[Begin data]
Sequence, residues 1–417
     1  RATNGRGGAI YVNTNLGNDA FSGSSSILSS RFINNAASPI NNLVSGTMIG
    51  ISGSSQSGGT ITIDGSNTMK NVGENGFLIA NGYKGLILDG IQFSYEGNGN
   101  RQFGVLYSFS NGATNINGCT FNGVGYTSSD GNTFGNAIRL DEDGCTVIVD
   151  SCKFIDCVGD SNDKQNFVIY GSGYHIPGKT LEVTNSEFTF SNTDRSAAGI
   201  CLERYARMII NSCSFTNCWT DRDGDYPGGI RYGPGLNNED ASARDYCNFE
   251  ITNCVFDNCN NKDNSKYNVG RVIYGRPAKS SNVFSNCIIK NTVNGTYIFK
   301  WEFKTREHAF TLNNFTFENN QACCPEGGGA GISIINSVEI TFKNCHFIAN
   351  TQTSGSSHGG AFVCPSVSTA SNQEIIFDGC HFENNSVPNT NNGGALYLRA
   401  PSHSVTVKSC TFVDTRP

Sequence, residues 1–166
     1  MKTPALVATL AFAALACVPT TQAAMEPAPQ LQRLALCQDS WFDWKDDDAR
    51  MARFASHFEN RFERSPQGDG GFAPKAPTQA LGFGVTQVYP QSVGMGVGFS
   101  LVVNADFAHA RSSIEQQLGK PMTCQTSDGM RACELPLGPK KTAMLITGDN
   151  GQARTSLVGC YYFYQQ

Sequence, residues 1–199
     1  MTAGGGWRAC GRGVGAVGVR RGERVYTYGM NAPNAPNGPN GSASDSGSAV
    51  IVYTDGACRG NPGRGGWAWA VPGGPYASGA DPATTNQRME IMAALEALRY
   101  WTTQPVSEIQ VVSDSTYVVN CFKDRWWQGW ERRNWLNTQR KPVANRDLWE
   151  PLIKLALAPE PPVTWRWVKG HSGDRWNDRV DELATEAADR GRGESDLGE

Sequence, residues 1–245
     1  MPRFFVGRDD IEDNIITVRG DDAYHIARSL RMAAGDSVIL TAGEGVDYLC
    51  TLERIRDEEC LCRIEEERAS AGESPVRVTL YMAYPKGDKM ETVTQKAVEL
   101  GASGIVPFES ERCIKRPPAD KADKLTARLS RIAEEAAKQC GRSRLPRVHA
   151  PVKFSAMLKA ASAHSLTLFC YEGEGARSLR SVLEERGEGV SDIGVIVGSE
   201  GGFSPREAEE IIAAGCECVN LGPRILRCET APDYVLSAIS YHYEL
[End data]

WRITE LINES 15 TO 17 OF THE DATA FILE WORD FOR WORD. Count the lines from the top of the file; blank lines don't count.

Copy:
   151  GQARTSLVGC YYFYQQ

Sequence, residues 1–199
     1  MTAGGGWRAC GRGVGAVGVR RGERVYTYGM NAPNAPNGPN GSASDSGSAV